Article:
A sustainable souvenir is not a soulless knickknack that brings ecological consequences for the local nature and later sinks in a junk drawer or in the yellow bag. It's something special and something that connects you to the experiences on your trip. When you look at it at home, it should bring back memories in you even years after the vacation. Handmade pottery or a unique and locally painted mural that you can take with you rolled up? Refrain from cheap and meaningless knickknacks.
Prefer local, handmade souvenirs
How about essential oils made from incense, for example? Or handmade bowls from FSC-certified wood or spent coconuts? Try to talk to the traders and learn more about how they make them. On the other hand, a tourist hat with "Made in China" written inside - sold in South Africa - is nothing local or personal. I find postcards very personal - and in our digital age also very charming. Memories can be captured very well there.
Protect animals and ecosystems
Lasse Sand, shells and especially animals where they live. Don't come up with strange ideas that will get you into trouble at customs at the latest. Refrain from Furs from panda fur, medicine on tiger bones, carvings from whale bones and pendants with teeth from jaguar.
Cruelty to animals report If you notice abuses or observe illegal animal trafficking, you can call the report to PETA. In the article about Animal welfare organizations I'll introduce you to PETA and other recommended places to go.
In Egypt, for example, there is a strict export ban on cultural treasures. Before or during your trip, be sure to find out which souvenirs you are allowed to export. Washington Convention on International Trade in Endangered Species of Wild Fauna and Flora CITES which ones you are allowed to bring and which ones you are not. Apart from the fact that you should not bring live souvenirs such as snakes and turtles, or parts of animals such as ivory necklaces, this is also forbidden in many countries of the world. High fines and long prison sentences await you there under certain circumstances.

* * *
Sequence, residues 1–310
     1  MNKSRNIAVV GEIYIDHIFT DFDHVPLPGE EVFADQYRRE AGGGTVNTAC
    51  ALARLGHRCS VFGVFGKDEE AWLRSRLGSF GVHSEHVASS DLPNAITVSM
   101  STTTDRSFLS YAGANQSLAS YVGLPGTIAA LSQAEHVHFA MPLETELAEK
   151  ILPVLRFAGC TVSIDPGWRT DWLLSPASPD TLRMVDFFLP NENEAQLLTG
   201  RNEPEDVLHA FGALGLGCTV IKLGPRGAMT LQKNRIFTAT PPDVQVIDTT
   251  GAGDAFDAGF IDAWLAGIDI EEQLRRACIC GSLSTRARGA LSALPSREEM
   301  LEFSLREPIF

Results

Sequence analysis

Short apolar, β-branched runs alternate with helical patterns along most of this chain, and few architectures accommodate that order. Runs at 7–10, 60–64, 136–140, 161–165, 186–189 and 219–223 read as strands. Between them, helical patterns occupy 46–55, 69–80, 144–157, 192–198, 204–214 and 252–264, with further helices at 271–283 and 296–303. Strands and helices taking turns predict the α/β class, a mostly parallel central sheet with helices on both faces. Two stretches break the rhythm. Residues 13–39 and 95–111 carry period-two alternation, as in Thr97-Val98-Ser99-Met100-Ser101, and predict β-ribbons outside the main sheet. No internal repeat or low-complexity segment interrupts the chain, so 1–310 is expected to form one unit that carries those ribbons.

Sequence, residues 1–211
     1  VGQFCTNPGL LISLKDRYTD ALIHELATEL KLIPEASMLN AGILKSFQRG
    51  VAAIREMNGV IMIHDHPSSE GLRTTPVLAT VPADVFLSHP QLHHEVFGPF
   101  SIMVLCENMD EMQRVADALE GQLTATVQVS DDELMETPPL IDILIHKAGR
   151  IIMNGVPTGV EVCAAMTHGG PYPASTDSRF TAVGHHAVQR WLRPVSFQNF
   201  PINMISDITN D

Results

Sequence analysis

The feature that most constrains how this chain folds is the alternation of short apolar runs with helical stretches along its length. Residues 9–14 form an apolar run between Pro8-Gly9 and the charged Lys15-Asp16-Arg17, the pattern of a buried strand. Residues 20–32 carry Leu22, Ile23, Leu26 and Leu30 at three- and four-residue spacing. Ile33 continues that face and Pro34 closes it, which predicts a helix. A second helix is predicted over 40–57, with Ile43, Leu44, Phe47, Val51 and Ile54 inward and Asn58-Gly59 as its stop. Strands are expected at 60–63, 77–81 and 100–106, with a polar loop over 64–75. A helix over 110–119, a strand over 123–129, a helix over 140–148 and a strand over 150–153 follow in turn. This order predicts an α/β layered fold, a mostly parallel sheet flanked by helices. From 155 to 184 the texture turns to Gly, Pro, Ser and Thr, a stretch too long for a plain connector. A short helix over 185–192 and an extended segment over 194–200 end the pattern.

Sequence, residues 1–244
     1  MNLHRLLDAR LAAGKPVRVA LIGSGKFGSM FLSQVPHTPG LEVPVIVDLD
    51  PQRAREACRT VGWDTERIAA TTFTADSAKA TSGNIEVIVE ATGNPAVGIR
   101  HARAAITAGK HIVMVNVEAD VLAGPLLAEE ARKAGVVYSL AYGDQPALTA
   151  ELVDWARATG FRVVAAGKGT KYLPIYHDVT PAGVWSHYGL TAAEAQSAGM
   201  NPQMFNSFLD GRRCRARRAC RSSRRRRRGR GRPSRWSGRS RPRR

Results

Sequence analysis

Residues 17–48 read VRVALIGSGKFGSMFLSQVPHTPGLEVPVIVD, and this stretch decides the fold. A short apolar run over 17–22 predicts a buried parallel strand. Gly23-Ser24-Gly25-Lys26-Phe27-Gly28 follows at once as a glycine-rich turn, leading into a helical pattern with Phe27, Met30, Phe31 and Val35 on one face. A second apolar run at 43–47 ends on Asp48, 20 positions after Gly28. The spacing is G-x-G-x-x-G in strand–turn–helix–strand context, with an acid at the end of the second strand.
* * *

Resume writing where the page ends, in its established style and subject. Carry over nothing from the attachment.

Tip: Use the WWF Souvenir Guide to find out which souvenirs are environmentally friendly and which ones you should steer clear of.
Sustainable souvenirs protect the environment and create memories
And what if I don't find any suitable, sustainable souvenirs on vacation? Yes, then no one will hold it against you if you don't bring any superfluous garbage with you for this reason 😉 .
Souvenirs should not be some cheap knickknack that you bring home from your vacation. Above all, they shouldn't cause animal suffering or serious environmental damage in any other way. A truly sustainable souvenir creates memories of unique experiences at your destination or gives your friends back home a taste of local life.
Do you have questions about the sustainable use of souvenirs or your own experiences that you want to share? Then just write a comment below this article.
₁ WWF (2016): Cobras, Corals and Caviar - Tourists and the Illegal Species Trade, available at https://mobil.wwf.de/fileadmin/fm-wwf/Publikationen-PDF/Hintergrundpapier-Artenhandel-und-Souvenirs.pdf. [12.03.2020].